The Viabahn stent and LifeStream stent represent one of the most widely used CSE and CBE stents, respectively. A previous study showed that Viabahn covered stent can be considered an acceptable patency with low complications during the long-term period in low-risk young AIOD patients [4], especially for complex aortoiliac occlusion lesions [19]. Another study indicated that the LifeStream stent provided satisfactory 9-month clinical outcomes, including a low rate of TLR for the treatment of stenotic and occlusive lesions of the iliac arteries [15]. However, there is no long-term period patency or TLR of the LifeStream stent. Furthermore, there is no cohort or RCT study to compare the efficacy or effect between Viabahn stent and LifeStream stent. The main aim of our present trial is to compare TLR of the target lesion of LifeStream stent with Viabahn at 12 months’ follow-up.

In conclusion, this trial was designed to compare the efficacy and safety of a CBE stent (BARD®LIFESTREAM™) versus a CSE stent (GORE® VIABAHN™) in AIOD patients, hoping to provide level 1 evidence for stent selection in aortoiliac occlusive lesions.

Trial status

Ethics approval has been granted before submission. The trial is currently in the recruitment phase. Study enrollment began on 1 June 2020. It is estimated that recruitment will be completed by 1 June 2022, with a study completion date of 1 June 2024. Any protocol amendments will be updated in the Chinese Clinical Trials Registry.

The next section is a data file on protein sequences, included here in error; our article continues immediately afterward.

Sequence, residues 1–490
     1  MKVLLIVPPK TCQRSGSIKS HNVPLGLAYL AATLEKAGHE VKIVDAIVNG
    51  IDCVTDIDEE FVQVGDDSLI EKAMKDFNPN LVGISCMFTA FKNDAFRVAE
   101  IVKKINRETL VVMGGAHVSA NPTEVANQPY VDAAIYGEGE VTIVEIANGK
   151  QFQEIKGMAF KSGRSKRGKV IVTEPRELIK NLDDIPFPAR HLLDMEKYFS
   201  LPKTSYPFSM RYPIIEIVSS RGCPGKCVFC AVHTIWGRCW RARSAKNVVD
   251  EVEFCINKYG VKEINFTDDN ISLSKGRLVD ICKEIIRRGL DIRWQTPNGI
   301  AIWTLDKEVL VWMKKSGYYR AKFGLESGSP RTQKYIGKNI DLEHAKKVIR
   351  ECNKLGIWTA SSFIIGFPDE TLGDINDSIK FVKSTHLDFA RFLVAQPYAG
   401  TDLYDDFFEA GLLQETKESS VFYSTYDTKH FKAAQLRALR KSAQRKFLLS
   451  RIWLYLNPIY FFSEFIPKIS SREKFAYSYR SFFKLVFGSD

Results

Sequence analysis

References

  1. Mahoney EM, Wang K, Keo HH, Duval S, Smolderen KG, Cohen DJ, et al. Vascular hospitalization rates and costs in patients with peripheral artery disease in the United States. 2010;3(6):642–51.

  2. Norgren L, Hiatt WR, Dormandy JA, Nehler MR, Harris KA, Fowkes FG, et al. Inter-society consensus for the management of peripheral arterial disease (TASC II). J Vasc Surg. 2007;45(Suppl S):S5-67.

    Article  Google Scholar 

  3. Ye W, Liu CW, Ricco JB, Mani K, Zeng R, J. Jiang Early and late outcomes of percutaneous treatment of TransAtlantic Inter-Society Consensus class C and D aorto-iliac lesions. J Vasc Surg. 2011;53(6):1728–37.

    Article  Google Scholar 

  4. Antonello M, Squizzato F, Bassini S, Porcellato L, Grego F, M. Piazza Open repair versus endovascular treatment of complex aortoiliac lesions in low risk patients. J Vasc Surg. 2019;70(4):1155–1165 e1.

    Article  Google Scholar 

  5. A. Halliday, and J.J. Bax The 2017 ESC Guidelines on the diagnosis and treatment of peripheral arterial diseases, in collaboration with the European Society for Vascular Surgery (ESVS). Eur J Vasc Endovasc Surg 2018;55(3):301–302.

  6. Sabri SS, Choudhri A, Orgera G, Arslan B, Turba UC, Harthun NL, et al. Outcomes of covered kissing stent placement compared with bare metal stent placement in the treatment of atherosclerotic occlusive disease at the aortic bifurcation. J Vasc Interv Radiol. 2010;21(7):995–1003.